It could even mean a partial return of the ancient ocean, one seventh of which remains on the planet, locked up at the poles. Various schemes, from orbital sun focusing mirrors to nuclear bombs, aim to melt the polar ice caps, and for good reason. Along with all that ice sits an even more valuable terraforming material, frozen carbon dioxide.

While rising CO2 levels threaten to make life more difficult on our planet, they’d be a boon for Martian settlers. “We as a species have learned how to make a planet hotter, and it would not take a lot to sublimate the CO2 in the polar caps (perhaps 4 degrees [of warming]). Once you do that the atmosphere would have a positive feedback due to the CO2 and get even hotter,” writes Luther Beegle, head of an organics-searching experiment on NASA’s 2020 Mars rover, in an email to The Christian Science Monitor.

As the CO2 joined the magnetically swaddled infant atmosphere, warmer weather could someday start to restore that ancient ocean. “You could conceivably get up to the point where the water would melt. The temperature on Mars does get above zero occasionally, so you would get more and more times like that,” Dr. Beegle says.

But scientists suspect it wouldn’t happen overnight. “At current loss rates driven by the sun and solar wind as measured by MAVEN, it would take about 2 billion years to remove the present atmosphere…. If we put up an artificial magnetosphere, it would be very intriguing in terms of physics.  But it would have minimal effect on the thickness of the atmosphere, the global temperature, or the behavior of the polar caps. At least not for billions of years,” says Bruce Jakosky, principal investigator of the MAVEN mission.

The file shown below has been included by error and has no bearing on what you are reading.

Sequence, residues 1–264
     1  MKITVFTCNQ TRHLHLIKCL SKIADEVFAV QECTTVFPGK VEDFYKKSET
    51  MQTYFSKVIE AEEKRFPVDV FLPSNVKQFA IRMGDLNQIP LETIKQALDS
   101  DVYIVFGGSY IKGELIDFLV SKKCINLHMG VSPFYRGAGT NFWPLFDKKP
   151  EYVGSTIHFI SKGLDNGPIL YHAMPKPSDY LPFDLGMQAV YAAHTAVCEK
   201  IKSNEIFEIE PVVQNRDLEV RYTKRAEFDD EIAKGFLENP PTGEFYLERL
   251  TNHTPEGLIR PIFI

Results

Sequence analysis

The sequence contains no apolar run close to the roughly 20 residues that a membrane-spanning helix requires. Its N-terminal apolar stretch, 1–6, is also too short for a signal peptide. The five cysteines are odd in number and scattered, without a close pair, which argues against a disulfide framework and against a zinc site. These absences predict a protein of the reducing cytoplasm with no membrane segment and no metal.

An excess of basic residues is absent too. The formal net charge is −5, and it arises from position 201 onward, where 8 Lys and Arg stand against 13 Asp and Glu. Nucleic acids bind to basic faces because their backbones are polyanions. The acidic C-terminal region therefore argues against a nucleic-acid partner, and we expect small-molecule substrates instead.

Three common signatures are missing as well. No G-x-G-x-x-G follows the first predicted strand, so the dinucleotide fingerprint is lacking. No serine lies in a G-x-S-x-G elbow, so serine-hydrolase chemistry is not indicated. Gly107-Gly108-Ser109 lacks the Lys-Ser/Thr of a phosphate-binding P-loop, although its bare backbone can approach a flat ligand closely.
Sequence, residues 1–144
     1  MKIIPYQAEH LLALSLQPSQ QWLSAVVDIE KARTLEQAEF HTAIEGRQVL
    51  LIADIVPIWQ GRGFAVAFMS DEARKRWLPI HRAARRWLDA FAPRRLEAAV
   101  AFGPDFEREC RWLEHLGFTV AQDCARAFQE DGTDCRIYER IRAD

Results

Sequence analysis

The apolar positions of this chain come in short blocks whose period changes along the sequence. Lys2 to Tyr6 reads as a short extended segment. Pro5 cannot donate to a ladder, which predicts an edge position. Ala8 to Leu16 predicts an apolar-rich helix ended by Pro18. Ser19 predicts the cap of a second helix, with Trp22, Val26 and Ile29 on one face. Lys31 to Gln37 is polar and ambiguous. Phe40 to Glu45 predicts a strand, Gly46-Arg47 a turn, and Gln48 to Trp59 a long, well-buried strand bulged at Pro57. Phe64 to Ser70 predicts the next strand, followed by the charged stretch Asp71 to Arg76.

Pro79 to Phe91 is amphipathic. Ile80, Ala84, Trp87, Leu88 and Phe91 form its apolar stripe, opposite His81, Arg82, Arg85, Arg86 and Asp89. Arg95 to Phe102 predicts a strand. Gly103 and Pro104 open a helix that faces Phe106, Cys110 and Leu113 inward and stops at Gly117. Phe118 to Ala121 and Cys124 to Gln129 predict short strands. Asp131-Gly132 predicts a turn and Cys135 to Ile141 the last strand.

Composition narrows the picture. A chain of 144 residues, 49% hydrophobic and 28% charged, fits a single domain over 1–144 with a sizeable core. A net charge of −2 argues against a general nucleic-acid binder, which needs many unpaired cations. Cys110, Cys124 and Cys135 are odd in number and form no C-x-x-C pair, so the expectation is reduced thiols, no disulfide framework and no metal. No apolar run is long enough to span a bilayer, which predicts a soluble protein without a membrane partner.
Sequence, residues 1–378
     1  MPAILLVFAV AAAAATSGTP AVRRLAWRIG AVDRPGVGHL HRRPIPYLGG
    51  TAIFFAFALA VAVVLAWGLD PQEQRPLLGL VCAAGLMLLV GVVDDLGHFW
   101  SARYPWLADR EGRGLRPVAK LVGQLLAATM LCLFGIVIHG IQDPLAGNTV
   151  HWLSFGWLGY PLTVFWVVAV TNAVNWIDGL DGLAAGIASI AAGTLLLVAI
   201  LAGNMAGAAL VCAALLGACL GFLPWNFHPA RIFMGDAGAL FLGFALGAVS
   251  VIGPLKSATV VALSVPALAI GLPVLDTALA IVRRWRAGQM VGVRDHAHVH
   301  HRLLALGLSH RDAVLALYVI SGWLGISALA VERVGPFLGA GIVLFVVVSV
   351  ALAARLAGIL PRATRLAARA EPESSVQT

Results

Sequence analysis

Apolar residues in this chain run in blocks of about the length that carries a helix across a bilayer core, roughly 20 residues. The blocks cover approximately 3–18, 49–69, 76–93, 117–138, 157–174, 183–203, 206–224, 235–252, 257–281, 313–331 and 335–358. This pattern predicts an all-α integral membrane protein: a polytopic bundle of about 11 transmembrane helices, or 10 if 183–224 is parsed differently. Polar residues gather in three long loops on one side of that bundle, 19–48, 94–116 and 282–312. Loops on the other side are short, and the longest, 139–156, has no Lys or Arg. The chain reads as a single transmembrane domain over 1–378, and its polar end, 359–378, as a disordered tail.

Even if scientists could accelerate the timescale, future settlers won’t be going for evening strolls on the gains of this plan alone. The magnetic shielding may be able to thicken the atmosphere and start to melt the ice caps, but it wouldn’t introduce any breathable oxygen into the primarily CO2 mix.

Still, it’d be a good start. Beegle, who calls the proposal “technically feasible, if you wanted to terraform the surface and were willing to spend large sums of money to do so,” points out that a lack of breathable air and comfortable temperatures don’t stop people from summiting Everest. Even without space suits.

But he has other objections. Green suggests a thicker, warmer atmosphere would smooth human endeavors on Mars, including scientific exploration, but Beegle isn’t so sure. With the exception of a few rovers, Mars’s pristine environment remains mostly untarnished, but if we start tinkering with the planet’s climate, it might not stay that way.

“As soon as we start mucking around with the surface, we change things perhaps to the point where it would be impossible to determine if life ever started on Mars. When we first send humans we are going to contaminate the site that they land at, because humans bring a ton of microbiology with them. If we also start heating the atmosphere, it would result in unpredictable consequences.”

Those who think a future on Mars is essential to the survival of the human race might not lose much sleep over a few microbes, but if delaying a centuries- (or billions of years) long plan a couple decades threatens the whole undertaking, we might not have much of a shot in the first place. 

After all, turning Mars from red to green is a colossal task, prompting some to wonder why it’s sometimes pitched as a Plan B to keeping the Earth green.

As Neil Degrasse Tyson told The Guardian: “If you had the power of geoengineering to terraform Mars into Earth, then you have the power of geoengineering to turn Earth back into Earth.”